At Apsalar, we’re focused on providing the most powerful set of actionable analytics to increase user engagement for mobile app publishers. Our mission is to help our customers improve retention and increase monetization from engaged users. We recently launched an educational blog series to help developers understand the various types of analyses available to better understand user behavior and increase user engagement. Catch up by starting here.
In our most recent post, we introduced the concept of creating cohorts to better understand user behavior and the correlation with retention. Let’s quickly recap:
A cohort is a group of users that has completed a specific action within a specific period of time: for example, a set of new users that launched your app on Thursday, December 1. Once a cohort has been identified, it can be used to better understand three dimensions of user behavior:
- Retention: Are users coming back regularly to the app?
- Engagement: Are users “active” within the app?
- Monetization: Are users spending money?
We’re going to dig into why cohort analysis is essential to managing engagement. Engagement is the measure of a user’s activity levels within your app and the extent to which users take advantage of the features you’ve built and the goals that you’ve set for them to achieve. As such, each app publisher may define engagement differently:
- For a game like Angry Birds, it could be reaching higher levels.
- For a shopping app like eBay, it could be actively bidding on an item.
- For a social app like Instagram, it could be sharing photos with friends.
In the end, higher levels of engagement should lead to higher retention (measured in terms of Daily Active Users – “DAUs”) and more monetization (measured in terms of Average Revenue Per User – “ARPU”). That’s why it’s crucial to analyze and optimize your apps for user engagement.
Let’s run through a basic engagement cohort analysis example:
You have what you believe to be the greatest photo-sharing application in the app store. Your user base has grown steadily since launching a few weeks ago, but you’re not sure whether users are continuing to share photos in the days after downloading the app. Are your users engaged with the app or not? Cohort analysis can provide the answer.
Instead of relying on inconclusive top line information such as user reviews and vanity metrics, you want the ability to accurately track photo-sharing on two dimensions:
- Within a cohort: how did users in a specific cohort engage (share photos) over time?
- Comparing cohorts: how did users from different cohorts engage over time?
To demonstrate, we’ve created a cohort of users with the event defined as “Launched App” (the first time they launched the application, by day) and we’ve defined the engagement indicator as “Sharing Photos.” Here is the setup:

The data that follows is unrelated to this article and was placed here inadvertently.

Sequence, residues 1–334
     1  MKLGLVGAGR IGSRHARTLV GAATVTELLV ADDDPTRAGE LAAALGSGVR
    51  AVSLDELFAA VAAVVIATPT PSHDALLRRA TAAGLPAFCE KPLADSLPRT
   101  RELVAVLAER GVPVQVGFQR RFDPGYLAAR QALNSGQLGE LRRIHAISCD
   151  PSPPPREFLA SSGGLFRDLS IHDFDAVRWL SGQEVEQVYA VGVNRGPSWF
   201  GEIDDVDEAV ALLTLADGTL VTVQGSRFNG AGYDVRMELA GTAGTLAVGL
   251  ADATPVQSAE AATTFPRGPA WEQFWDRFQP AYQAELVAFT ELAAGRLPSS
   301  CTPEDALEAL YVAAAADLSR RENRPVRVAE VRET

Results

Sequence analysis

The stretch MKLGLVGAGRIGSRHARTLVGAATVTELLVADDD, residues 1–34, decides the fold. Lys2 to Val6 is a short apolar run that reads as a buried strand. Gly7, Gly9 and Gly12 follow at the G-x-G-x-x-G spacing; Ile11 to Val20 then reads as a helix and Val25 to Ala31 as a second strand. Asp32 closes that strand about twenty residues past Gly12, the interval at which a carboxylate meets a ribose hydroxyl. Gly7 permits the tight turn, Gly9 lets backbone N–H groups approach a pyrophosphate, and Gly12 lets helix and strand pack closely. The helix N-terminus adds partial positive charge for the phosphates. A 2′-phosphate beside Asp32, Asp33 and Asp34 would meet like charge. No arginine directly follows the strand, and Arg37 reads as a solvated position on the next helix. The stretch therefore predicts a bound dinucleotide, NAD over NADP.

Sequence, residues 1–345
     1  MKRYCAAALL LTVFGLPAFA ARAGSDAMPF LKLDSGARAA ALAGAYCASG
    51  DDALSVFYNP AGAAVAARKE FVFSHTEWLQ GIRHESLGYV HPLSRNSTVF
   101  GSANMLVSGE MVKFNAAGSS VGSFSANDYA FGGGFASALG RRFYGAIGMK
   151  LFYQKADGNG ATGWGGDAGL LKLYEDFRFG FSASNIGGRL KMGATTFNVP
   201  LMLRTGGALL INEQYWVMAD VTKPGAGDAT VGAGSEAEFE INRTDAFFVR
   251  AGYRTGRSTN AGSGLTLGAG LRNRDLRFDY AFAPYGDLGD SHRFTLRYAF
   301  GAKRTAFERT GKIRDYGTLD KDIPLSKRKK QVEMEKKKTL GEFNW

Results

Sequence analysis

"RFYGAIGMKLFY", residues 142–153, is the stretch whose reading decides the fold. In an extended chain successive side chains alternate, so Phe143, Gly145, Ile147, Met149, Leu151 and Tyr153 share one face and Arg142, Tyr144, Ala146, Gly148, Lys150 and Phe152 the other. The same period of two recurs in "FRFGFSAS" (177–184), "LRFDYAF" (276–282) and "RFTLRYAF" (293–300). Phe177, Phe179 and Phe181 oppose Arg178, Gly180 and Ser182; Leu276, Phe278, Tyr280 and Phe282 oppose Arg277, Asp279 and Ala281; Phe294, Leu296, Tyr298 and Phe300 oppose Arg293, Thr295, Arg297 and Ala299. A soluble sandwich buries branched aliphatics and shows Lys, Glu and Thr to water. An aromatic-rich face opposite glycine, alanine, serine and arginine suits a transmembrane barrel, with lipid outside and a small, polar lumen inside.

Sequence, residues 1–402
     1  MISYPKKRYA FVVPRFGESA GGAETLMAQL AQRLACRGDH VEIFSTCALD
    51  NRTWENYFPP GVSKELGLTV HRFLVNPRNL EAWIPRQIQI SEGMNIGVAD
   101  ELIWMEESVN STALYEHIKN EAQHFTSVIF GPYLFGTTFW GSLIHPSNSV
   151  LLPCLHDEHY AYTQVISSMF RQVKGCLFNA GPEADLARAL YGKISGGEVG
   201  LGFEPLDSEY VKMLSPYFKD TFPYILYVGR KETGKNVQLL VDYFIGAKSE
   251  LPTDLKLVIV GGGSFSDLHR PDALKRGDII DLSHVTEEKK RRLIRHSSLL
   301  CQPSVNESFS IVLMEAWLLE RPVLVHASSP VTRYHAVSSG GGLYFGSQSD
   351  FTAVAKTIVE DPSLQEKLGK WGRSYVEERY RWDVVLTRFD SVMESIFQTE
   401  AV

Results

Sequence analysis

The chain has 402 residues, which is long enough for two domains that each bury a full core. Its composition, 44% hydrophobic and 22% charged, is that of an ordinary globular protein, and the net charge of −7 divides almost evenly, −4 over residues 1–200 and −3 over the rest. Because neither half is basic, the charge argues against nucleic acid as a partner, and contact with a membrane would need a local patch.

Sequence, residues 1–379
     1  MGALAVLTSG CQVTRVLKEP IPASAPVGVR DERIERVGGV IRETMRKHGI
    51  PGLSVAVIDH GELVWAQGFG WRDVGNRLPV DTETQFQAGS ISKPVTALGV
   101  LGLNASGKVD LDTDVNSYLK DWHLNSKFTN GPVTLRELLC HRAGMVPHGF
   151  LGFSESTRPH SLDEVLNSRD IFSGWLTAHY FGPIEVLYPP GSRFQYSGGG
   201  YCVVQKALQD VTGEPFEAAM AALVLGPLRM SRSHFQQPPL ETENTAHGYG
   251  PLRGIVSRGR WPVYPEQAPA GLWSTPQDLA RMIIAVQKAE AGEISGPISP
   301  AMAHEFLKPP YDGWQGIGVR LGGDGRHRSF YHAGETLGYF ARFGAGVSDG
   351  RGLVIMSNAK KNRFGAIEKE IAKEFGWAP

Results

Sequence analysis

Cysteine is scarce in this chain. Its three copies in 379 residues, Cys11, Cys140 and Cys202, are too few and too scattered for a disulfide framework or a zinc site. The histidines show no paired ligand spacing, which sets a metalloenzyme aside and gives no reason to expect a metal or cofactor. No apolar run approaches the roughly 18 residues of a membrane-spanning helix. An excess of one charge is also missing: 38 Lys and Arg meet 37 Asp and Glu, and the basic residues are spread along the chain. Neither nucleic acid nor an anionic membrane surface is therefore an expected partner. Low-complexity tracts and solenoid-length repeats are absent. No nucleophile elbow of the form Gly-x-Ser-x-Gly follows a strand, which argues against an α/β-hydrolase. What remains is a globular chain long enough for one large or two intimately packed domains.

- Cohort event
- Event: “Launched App”
- Event: “Shared Photo”
This will help uncover what percentage of each cohort is sharing photos following their first use of the app.
Note that the ability to look at cohorts on a daily basis (i.e., each new day constitutes a new cohort) is important to see how many of your users are sharing photos in those critical first few days after they’ve launched the app for the first time.
If we look in column 1 in the graphic below (which represents the first day after the cohorting event), you’ll see that there are a high percentage of users—about 80%—sharing photos after first launch. This is fantastic. Unfortunately, that percentage begins to drop sharply in the days following. This is a clear indication that users are quickly becoming less engaged. By the second day, the percentage of engaged users is below 50%, and by days 5 & 6, less than 25% of users are sharing photos. These may be retained users in that they are showing up, but they are not engaged if your app was specifically designed to enable photo sharing with friends. Also, if you are only looking at top line trending data, photo sharing may appear as if it is on the upswing as new users flood in and initially share photos in the first day or two. But it’s the cohort analysis that reveals the true level of engagement.
Indeed, if you make a change to the app to improve the photo sharing experience, all you need to do is compare the cohorts of users that have downloaded updated versions of your app, to the cohorts relating to the prior version. In this way, you’ll be able to quickly see if the changes improved engagement or not, as the photos will be shown as being shared more or less frequently and for a longer or shorter time relative. These are data driven results that can’t be ignored.
With cohort analyses, you have the data to keep iterating and improving the user experience for greater engagement that can result in higher retention and monetization. In fact, with a fully flexible cohort analysis system, that allows you to track any event as a cohort event, and not just first use of the app, even more powerful data can be collected. Now you can track retention and monetization indicators using any cohort event. In the example given below, if the first sharing of a photo is the cohort event, then the cohort is the group of users who first shared a photo on a given day. With a retention indicator as launch of the app (after the cohort event), you can track the impact of engagement, defined as photo sharing in this case, directly on retention. In other words, did sharing photos keep users coming back to the app and drive up DAUs? The ability to answer questions such as this will be key as you strive to build and create a profitable and sustainable mobile business.
Check back in to our next post as we show how to use cohort analysis to better calculate the monetization of your users.
If you have any questions, feel free to drop me a line at firstname.lastname@example.org.